The internet. You’re on it right now. I’m online as well. The internet has developed into our greatest and most beloved collection, ranging from music to scholarly journals and anything in between, and therefore it has come to embody a depth of knowledge. We can swim from hyperlink to hyperlink in any direction we want to, much like one can swim in any direction underwater.
The internet also seems to be more fun when procrastinating, which is what I was doing when I stumbled upon Luis von Ahn’s gem of a TED Talk, “Massive-scale Online Collaboration”.
Ahn’s Talk was concerning his creation, Captcha, the inconvenient and sometimes indecipherable words we must type for human verification before posting something on Facebook or other sites. They usually go unnoticed, although they sometimes they end up in hilarious combinations. The point of it is to confirm that you are human, not a program designed by scalpers to purchase thousands of tickets from TicketMaster or to post spam. Captcha uses our ability to recognize random and awkwardly shaped words, which is something computers have yet to master.
Ahn realized that his idea was of great caliber because it was something that only humans were able to do, albeit it was annoying to some. He recognized this minor inconvenience as problematic as well. So he turned our 10 seconds of wasted Captcha time into potential. His new project, ReCaptcha, is designed to help digitize books. When we are given two random Captcha words, one is simply for human verification and the other is an actual word from a book that a computer could not recognize and decipher. Each word we type into Captcha correctly helps to identify the word in the book, and therefore, digitizes one more word in the book. One word at a time does not seem like an impressive undertaking, but with everyone using Captcha, our individual potential turns into collective efforts and can amass into digitizing many books, allowing us to have greater access and to swim deeper in the pool of human knowledge. Did I mention that all this is done for free? Some might see it as a little bit of exploitation while others see it as a little bit of genius.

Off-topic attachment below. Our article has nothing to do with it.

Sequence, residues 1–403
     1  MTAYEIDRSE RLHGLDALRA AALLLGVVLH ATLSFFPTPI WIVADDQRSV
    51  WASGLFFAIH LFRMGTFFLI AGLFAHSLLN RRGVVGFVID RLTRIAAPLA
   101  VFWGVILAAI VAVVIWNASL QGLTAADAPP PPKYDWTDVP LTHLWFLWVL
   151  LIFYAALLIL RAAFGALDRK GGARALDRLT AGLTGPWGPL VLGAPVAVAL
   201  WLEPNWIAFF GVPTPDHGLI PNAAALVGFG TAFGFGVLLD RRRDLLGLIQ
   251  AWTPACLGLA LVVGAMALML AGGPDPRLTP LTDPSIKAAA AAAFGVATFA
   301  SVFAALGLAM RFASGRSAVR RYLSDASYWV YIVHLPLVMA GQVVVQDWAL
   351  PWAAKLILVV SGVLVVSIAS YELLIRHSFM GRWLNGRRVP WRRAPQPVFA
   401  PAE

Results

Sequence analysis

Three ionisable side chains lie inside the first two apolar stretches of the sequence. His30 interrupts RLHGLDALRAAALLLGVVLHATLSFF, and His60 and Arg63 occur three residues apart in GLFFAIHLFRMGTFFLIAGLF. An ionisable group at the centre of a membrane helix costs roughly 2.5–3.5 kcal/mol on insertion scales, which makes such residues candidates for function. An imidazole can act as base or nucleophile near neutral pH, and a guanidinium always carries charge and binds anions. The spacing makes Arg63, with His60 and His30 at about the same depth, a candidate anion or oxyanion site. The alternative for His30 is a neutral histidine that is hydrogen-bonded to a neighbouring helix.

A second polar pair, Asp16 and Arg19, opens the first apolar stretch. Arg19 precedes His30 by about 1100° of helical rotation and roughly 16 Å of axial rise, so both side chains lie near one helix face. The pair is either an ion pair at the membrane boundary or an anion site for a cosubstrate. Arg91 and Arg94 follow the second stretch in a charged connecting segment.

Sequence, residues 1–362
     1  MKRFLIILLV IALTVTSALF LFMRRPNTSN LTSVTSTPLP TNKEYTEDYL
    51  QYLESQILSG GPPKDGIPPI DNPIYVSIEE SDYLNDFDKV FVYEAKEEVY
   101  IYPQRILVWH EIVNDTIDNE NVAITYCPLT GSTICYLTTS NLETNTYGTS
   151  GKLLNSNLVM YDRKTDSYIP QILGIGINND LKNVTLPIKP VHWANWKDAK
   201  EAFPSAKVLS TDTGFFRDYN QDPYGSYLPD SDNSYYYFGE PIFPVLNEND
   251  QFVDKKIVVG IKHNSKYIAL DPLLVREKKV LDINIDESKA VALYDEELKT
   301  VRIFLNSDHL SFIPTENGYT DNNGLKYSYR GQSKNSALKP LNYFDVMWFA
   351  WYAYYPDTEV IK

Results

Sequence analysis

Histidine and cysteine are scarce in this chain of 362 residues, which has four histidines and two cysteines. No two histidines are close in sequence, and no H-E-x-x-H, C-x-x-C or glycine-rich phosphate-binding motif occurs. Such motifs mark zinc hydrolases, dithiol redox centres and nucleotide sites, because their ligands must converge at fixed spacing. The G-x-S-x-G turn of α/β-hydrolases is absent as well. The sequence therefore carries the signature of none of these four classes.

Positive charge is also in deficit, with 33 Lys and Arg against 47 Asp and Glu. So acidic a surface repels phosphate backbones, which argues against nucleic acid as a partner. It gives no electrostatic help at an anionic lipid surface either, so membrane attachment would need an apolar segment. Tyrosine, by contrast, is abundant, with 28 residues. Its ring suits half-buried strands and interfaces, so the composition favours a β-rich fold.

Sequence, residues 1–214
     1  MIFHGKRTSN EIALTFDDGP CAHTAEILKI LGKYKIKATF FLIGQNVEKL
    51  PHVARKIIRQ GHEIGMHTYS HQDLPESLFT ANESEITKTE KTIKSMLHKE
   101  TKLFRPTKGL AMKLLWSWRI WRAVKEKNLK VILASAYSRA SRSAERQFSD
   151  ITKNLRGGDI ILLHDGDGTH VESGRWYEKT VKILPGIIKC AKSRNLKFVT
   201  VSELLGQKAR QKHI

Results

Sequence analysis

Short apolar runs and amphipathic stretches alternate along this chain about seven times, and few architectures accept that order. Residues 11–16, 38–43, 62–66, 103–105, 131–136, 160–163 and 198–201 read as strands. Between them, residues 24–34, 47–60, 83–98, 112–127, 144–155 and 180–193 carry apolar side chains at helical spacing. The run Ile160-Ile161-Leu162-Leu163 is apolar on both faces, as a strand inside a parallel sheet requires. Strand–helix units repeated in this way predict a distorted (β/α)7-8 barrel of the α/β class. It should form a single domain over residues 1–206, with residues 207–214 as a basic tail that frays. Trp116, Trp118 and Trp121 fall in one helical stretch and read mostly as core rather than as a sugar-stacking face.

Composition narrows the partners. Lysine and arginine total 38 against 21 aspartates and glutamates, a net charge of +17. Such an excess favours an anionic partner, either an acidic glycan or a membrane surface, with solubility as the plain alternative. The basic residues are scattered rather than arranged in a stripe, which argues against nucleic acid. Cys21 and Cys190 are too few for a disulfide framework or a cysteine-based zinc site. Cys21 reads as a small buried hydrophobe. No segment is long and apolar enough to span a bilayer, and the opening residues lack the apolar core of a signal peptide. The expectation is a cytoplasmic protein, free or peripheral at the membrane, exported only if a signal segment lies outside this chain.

Ahn’s Talk is especially relevant today. When the internet was merely a puddle in its earliest days, the idea of sharing was on every user’s mind. Self-proclaimed internet nerds proudly demonstrated the capabilities to create a global community specifically designed for sharing information. However, recently the internet has become a site of commercial endeavors. It is being conquered by business rather than being used to build the most massive library of all time. Locks are being put onto ideas; walls are keeping us out to protect corporate colonization of the internet. We should be able to have access to our library, since many of us have contributed to it in some way, Captcha or otherwise.
Projects like ReCaptcha remind us of the internet’s original (and best) function: to share, to collaborate, to connect to other people, to connect ideas. It’s time to break the locks, lose the business model, and go back to our ability to collaborate ideas on a global scale. While this may seem like wild internet-pile hyperbolizing, why not maximize our internet potential and the ability to connect our ideas for the betterment of humanity?
Ahn’s talk is an inspiration, a great example of an innovative idea. He recognized that our individual potential could become something larger with our new global community. Someone once said that two heads are better than one. But today, it would be better to say that millions of heads are better than two.
Inspiration: Luis von Ahn’s TED Talk, “Massive-scale Online Collaboration”